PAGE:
Minister of Finance Yisrael Katz has told his ministry's officials to finalize the details with El Al Israel Airlines Ltd. (TASE: ELAL) as soon as possible and authorize a state guarantee for the airline. Katz thus joins his voice to that of Prime Minister Benjamin Netanyahu, who has directed that the state should aid El Al and prevent its collapse.
Last night, Rony Hizkiyahu, accountant general at the Ministry of Finance, Israel Tax Authority director Eran Yaacov, El Al chairman Eli Defes and the company's CEO Gonen Usishkin and CFO Dganit Palti and others met to try to find the formula that would enable the loan to be granted. The meeting lasted until the small hours of the morning, and discussions between the sides are still taking place. This could well be Shai Babad's last act as director-general of the Ministry of Finance before he leaves the post at midnight on Sunday.
For months, the sides have been discussing a $400 million loan for El Al. The state agreed to provide a guarantee for 82.5% of the loan in return for a series of efficiency measures, some of which El Al is finding it hard to implement.
The Ministry of Finance's demands include steps that El Al called unreasonable, such as a NIS 100 million capital injection by its owners alongside efficiency measures saving $350 million annually, which would be through the dismissal of about one third of El Al's 6,000 workers, among them 200 pilots. Further savings would come from the sale of 20% of El Al's fleet of 45 aircraft, closure of loss-making routes, and the postponement of new routes that El Al had planned, such as to Tokyo.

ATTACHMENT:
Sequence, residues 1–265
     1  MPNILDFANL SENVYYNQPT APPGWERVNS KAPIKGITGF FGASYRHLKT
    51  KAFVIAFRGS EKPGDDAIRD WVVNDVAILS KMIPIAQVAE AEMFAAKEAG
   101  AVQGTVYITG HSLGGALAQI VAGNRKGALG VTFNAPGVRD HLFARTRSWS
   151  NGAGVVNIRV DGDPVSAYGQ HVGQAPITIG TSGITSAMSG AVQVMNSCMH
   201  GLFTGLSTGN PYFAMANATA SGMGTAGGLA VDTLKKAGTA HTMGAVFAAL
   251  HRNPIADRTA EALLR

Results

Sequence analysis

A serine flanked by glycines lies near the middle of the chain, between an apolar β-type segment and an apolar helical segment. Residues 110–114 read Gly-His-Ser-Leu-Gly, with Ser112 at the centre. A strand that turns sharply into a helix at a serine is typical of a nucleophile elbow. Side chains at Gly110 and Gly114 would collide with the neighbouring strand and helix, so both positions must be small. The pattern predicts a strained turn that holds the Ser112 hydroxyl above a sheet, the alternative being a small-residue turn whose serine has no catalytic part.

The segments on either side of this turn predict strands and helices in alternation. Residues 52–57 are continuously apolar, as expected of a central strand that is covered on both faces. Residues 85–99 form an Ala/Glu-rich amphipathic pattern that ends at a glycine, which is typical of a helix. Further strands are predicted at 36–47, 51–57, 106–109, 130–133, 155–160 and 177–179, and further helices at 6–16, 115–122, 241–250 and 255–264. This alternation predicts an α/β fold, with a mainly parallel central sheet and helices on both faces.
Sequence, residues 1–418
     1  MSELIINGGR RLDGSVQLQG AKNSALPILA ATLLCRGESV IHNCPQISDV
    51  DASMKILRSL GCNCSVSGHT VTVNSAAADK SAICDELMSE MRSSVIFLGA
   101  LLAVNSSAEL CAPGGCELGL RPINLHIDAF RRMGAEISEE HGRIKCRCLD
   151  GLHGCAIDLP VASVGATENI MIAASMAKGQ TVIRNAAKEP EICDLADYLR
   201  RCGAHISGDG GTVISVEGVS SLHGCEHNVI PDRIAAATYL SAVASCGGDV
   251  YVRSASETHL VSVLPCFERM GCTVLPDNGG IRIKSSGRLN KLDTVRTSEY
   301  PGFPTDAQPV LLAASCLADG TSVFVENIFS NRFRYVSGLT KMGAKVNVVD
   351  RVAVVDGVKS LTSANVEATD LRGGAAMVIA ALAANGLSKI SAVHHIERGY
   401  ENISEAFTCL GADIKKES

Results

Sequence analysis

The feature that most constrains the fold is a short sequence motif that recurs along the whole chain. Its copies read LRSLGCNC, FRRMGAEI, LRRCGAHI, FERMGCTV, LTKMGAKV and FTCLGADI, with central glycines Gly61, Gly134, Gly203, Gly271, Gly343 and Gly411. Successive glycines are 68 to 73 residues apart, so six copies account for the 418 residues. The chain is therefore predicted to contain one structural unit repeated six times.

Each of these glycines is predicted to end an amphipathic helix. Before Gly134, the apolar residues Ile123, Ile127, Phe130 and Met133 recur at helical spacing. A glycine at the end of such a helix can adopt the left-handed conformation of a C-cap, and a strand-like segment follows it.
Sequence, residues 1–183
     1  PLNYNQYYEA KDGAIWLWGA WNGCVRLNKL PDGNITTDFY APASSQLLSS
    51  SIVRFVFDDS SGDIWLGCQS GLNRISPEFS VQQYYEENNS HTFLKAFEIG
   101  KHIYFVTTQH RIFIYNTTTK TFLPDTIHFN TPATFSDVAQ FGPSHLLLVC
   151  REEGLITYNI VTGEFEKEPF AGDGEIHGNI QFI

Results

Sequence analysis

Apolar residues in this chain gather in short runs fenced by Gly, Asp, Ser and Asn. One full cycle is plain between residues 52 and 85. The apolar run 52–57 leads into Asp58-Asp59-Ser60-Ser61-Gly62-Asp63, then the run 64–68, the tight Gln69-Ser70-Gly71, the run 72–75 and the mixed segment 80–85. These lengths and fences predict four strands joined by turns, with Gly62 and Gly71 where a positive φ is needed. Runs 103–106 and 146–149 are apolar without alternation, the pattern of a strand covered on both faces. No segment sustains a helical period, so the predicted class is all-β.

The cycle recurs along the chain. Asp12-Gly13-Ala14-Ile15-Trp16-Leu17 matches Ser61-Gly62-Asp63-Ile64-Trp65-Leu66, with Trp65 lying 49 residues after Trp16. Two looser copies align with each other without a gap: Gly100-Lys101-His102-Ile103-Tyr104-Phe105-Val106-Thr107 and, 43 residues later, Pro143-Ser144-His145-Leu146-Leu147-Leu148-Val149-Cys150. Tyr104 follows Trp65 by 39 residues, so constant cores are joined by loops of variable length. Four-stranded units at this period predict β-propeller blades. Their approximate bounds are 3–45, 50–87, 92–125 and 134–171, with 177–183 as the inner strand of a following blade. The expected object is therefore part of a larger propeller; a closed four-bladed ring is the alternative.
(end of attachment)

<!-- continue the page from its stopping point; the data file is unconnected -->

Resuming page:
In order to receive the desired aid, El Al will have to present a collective agreement with its employees. This is a considerable challenge, because the workers committee is in dispute with the management, a dispute that reached a peak when representatives of the committee violently disrupted a discussion between the management, the Histadrut (General Federation of Labor in Israel), and the pilots' representatives, following which the Histadrut suspended the committee.
Besides a NIS 100 million injection from the owners, the Ministry of Finance is demanding that El Al should reach agreement with its overseas lenders on deferment of debt amounting to $150 million. Above the gap between the sides hovers the new minister of finance's instruction not to drag out the process and to enable El Al to obtain the cash injection as soon as possible.
Like all airlines around the world, El Al finds itself in financial difficulties. The fact that it is highly leveraged because of its procurement program for Boing Dreamliner planes, in a situation of near-zero revenue, makes it hard for El Al to see a future without immediate aid. El Al holds more than NIS 1 billion shekels belonging to people whose flights were cancelled, money that it will have to return, but it is making the refund conditional on receiving aid. While airlines like Air France and Lufthansa have secured aid from their governments, El Al cannot present a similar picture. Unlike the German government, which will receive 20% of Lufthansa as part of a $10 billion aid program, the Israeli Ministry of Finance wants El Al's shares to serve as collateral for a loan, with the state receiving a phantom share valid for a year.
Published by Globes, Israel business news - en.globes.co.il - on June 4, 2020
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